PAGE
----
You never want to be the photographer saying, “my client hated their photos,” but if it DOES happen to you, here’s how to handle it! (Featuring THIS MODERN LOVE PHOTOGRAPHY)
“I hate my photos.”
This is the last thing any photographer wants to hear from a client. It’s even worse when you know you delivered a beautiful collection of on-brand images. How can they possibly be unhappy???
This is exactly what happened to South Asian wedding photographer Sara Shaikh of This Modern Love Photography. Sara has defined her brand with beautiful, bold portraits and emotion-packed documentary photographs, but one client was unconsolable.
The Worst Kind of Phone Call
“After I delivered my client’s gallery to him, he immediately called me and told me how upset he was at seeing the images. He said they appeared very dark to him,” Sara remembers. She knew her photos were perfectly aligned with her marketed style, but her client was determinedly unhappy.
“At the time I was fuming with anger,” admits Sara, “because I was taking everything he was saying personally. I was being defensive and trying to explain that my editing style was unique.”
Sara’s response is understandable. Photographers invest years into solidifying their post-production style, and spend even more time developing marketing approaches that clearly demonstrate their unique style and approach to prospective clients. After all, no one wants to book clients who won’t be happy with their results. Sara’s brand is no different. She employs clear marketing and a consistent style that has sustained her business since 2007.
How to Handle Your Cranky Customer
So what do you do when you have a client who – however unreasonably – is unhappy? Is it time to dig in your heels and refuse to accommodate their requests? IS the customer always right?
For Sara, the question of who was right or wrong only perpetuated the conflict.
“I was so hurt that a client would react this way, I didn’t take the time to just listen to what he was saying.”
It was only in refocusing on a desire to find common ground that Sara landed on a solution.
“Finally, I decided that I would re-edit his photos with a lighter style of editing and send him a new gallery” Sara says. “I sent him the re-edited photos, and he ended up really loving the images.”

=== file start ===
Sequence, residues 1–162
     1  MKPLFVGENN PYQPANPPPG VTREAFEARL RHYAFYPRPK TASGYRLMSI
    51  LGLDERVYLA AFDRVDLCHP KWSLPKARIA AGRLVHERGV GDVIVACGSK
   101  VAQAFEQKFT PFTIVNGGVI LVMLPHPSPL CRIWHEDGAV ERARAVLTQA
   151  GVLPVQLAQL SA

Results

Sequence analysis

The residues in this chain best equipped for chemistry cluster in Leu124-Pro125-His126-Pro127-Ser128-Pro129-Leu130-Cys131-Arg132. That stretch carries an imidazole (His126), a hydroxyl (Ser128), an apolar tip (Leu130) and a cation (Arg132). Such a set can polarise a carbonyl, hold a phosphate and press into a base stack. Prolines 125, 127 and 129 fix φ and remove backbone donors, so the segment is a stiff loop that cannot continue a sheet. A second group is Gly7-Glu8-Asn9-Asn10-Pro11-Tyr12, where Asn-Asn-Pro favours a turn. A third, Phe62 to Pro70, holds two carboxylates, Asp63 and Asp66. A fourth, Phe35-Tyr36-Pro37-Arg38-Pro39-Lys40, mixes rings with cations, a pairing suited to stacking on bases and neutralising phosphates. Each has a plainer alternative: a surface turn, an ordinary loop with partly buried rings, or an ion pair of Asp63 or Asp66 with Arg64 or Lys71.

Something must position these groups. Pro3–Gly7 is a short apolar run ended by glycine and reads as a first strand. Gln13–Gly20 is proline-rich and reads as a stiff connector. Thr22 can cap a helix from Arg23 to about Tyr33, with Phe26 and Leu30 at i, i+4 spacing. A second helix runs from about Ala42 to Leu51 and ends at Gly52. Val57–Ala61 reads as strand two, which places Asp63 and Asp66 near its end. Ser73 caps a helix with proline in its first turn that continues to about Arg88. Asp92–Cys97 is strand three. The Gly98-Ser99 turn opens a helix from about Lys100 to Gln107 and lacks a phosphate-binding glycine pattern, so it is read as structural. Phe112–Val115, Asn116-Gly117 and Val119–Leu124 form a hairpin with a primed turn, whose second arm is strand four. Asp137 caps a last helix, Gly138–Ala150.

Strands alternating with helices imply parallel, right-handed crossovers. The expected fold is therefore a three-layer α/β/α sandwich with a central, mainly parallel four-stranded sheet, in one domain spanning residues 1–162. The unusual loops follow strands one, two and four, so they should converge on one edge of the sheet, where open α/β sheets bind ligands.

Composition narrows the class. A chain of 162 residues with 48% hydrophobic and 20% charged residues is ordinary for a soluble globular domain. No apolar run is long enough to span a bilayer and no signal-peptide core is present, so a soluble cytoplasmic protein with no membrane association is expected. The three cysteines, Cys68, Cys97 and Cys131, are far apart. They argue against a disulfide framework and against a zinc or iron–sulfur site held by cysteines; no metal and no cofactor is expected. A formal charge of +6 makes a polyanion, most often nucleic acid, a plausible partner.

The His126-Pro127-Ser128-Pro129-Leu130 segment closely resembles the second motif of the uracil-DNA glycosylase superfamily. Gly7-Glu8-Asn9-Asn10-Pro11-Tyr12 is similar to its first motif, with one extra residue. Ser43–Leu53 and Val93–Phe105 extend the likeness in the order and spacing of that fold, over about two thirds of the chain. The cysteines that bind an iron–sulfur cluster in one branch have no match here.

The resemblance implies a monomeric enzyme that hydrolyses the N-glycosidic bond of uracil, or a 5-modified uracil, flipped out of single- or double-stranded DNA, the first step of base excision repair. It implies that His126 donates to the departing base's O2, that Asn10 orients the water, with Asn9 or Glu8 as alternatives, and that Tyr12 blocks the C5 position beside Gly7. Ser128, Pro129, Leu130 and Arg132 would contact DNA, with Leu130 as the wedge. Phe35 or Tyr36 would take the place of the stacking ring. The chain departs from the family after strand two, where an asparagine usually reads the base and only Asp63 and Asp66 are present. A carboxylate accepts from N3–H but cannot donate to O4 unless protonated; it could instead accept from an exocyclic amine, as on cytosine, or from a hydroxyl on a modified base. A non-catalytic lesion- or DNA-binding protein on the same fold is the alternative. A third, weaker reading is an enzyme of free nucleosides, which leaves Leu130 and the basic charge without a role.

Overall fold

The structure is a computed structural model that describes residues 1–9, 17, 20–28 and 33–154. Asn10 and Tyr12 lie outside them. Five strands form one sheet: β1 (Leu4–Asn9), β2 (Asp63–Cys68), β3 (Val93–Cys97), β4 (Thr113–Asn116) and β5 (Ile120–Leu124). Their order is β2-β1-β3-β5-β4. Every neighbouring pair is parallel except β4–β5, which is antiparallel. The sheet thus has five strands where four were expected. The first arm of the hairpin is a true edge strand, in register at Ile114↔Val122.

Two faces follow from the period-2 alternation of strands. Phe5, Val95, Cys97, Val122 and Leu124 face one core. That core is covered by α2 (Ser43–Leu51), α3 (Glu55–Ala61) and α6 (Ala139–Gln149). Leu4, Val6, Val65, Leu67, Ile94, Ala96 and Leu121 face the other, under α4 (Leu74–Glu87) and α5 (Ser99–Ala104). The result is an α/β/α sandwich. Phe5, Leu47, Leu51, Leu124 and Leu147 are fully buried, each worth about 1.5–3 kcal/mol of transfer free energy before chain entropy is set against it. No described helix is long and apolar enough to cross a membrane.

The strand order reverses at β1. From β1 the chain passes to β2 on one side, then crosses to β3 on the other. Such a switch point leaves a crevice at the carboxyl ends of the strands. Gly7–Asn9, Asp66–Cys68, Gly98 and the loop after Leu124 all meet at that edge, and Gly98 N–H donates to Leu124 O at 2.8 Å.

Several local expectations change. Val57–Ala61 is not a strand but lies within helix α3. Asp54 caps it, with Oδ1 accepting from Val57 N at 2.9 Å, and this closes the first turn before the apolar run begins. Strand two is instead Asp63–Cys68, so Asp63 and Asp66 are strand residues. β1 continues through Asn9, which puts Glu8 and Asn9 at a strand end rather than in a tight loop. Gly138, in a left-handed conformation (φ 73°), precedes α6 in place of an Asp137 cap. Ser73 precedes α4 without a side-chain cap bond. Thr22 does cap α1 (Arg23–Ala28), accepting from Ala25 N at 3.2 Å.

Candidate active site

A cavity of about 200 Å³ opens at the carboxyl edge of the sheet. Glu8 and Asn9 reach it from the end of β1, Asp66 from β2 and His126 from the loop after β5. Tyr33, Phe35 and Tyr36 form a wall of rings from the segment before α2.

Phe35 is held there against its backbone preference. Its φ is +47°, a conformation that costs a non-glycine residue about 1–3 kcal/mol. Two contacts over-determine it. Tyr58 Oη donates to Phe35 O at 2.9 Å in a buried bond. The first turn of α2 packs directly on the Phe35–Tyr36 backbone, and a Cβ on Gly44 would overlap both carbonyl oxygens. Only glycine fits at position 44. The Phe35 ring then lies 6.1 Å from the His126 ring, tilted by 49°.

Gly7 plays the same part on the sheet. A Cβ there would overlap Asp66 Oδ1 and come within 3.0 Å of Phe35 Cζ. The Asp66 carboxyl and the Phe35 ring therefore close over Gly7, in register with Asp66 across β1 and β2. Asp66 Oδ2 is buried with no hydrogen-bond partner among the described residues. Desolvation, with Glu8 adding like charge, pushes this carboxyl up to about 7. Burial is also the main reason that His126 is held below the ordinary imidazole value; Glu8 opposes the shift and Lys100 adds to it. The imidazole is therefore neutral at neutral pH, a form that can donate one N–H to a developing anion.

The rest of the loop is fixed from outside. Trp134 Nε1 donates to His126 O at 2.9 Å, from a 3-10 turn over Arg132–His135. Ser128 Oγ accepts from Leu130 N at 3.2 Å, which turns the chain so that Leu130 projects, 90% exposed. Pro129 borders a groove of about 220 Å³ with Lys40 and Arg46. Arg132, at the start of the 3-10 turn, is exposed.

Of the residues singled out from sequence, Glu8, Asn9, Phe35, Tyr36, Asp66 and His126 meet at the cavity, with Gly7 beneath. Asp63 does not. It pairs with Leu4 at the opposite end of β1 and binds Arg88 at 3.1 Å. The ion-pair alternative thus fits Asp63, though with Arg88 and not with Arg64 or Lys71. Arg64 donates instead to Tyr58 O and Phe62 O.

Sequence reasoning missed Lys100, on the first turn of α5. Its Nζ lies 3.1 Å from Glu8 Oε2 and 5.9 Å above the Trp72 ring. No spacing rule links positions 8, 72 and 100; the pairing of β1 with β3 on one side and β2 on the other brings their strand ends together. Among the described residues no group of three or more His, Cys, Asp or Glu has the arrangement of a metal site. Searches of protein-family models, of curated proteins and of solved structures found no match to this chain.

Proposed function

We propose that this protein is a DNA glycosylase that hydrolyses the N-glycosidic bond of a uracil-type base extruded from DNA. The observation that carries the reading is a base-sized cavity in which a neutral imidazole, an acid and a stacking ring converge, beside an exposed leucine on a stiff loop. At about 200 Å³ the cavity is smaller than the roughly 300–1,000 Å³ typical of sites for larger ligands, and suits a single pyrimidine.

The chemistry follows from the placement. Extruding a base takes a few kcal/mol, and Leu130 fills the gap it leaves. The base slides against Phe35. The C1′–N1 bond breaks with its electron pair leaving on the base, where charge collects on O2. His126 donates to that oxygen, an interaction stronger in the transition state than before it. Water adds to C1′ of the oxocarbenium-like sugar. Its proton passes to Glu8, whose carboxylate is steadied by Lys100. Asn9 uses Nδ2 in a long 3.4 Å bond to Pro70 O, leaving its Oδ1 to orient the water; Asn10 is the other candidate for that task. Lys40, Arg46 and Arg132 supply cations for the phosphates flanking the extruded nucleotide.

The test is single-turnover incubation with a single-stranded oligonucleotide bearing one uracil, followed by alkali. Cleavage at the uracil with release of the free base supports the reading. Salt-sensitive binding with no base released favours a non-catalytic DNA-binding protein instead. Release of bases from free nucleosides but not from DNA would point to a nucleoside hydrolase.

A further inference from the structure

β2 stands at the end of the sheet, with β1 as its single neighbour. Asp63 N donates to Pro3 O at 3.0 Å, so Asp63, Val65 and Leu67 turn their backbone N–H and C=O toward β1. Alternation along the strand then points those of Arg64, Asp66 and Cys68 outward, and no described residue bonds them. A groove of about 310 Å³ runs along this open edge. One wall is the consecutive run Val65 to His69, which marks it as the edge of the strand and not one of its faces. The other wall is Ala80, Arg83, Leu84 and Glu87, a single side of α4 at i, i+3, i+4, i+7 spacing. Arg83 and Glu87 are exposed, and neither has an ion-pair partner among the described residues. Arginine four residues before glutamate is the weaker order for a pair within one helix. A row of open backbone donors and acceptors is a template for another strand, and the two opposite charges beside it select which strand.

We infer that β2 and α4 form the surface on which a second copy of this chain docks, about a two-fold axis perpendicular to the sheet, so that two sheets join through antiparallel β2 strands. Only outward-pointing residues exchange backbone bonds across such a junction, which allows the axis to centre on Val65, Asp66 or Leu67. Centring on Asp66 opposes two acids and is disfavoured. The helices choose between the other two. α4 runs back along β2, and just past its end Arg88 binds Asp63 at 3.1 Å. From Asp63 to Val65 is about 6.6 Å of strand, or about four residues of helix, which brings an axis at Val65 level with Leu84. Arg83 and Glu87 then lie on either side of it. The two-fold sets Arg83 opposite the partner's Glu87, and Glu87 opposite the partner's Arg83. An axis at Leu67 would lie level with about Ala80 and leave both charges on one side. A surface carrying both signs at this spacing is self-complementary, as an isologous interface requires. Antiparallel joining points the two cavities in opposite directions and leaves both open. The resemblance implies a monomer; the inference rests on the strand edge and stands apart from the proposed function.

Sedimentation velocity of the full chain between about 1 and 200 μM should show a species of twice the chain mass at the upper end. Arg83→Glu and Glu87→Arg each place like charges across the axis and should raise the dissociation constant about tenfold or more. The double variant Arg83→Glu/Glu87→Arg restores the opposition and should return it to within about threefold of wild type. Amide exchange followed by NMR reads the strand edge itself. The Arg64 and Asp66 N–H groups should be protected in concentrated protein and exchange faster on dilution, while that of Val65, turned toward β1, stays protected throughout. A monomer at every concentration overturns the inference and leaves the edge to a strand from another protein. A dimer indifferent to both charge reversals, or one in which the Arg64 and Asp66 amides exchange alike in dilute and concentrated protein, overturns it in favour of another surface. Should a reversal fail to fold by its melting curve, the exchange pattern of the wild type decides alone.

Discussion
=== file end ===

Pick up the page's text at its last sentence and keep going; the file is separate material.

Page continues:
Check Your Ego at the Door
Choosing to side with a client can be a painful exercise in humility. “After this experience, I realized how much of an ego I had developed running my own business,” Sara admits. “Sometimes you work with people who just don’t see things the way you do. And at the end of the day, people give you the energy that you give them. So if I was very defensive and negative, he was going to be the same way with me. If I changed my attitude and reflected a more positive mindset, this would help him reciprocate with the same energy.”
Sara’s choice to collaboratively resolve her client’s complaint certainly took time and effort; but the resulting happy client made the added investment of energy worthwhile.
“When you are faced with difficult situations,” advises Sara, “it’s really important to take some time and reflect about everything. Step away from the situation, breathe, and look at the facts without involving your emotions.”
Learn the STOP Skill
In mental health circles, this approach is known as the “STOP skill.”
- S = Stop. Do not react when emotions are high.
- T = Take a step back. Do this both figuratively and literally, removing yourself from the intensity of the situation so you can breathe deeply and refocus.
- O = Observe. Look at the facts of the situation, and take in all the details of what is happening around you.
- P = Proceed mindfully. Consult your “wise mind” – that perfect blend of reasonable and emotional processing. What is the wise way to proceed?
Make it Easy
Sara’s own mantra pairs perfectly with the STOP skill.
” ‘Make it easy,’ ” quotes Sara. “I read this in a book recently, and it really made a lot of sense to me. We can get wrapped up in overthinking and overanalyzing things, but if you go with this approach of making things easy, things will just come your way effortlessly.”
As Sara’s disagreement with her client grew more heated, she was able to take a step back and contemplate what would turn a difficult situation into an easy one.
“I decided to take a step back and look at the situation as a whole,” Sara shares. “Sometimes, people don’t understand where you are coming from. It doesn’t mean that they are against you; they simply just don’t know. Take the time to educate your clients, hear them out to see what their needs are, and come to a common ground that makes everyone happy.”
In Sara’s case, this meant re-delivering a brightened version of her client’s photographs, and assuaging his fears that he would be stuck with photographs he didn’t love.
“Every client wants to see their photographs and relive those moments again,” Sara explains. “If you simply focus on what matters most, and preserve those moments in the best way you know how, they will be happy – and you will be happy.”
Years have passed since this encounter, but Sara’s business model continues to be impacted by the lessons she learned.
“I’m definitely more mindful of myself and the energy I give to others,” Sara admits. “I want to leave a lasting impact on everyone I meet and inspire them to be in a better mindset all-around. Hopefully people read my story and understand that, instead of being defensive, it’s always better to treat people with kindness.”
Share Your Challenging Client Story
Have you solved a major client challenge? Share your story in the comments below!
Written by ANNE SIMONE and SARA SHAIKH | Featuring THIS MODERN LOVE PHOTOGRAPHY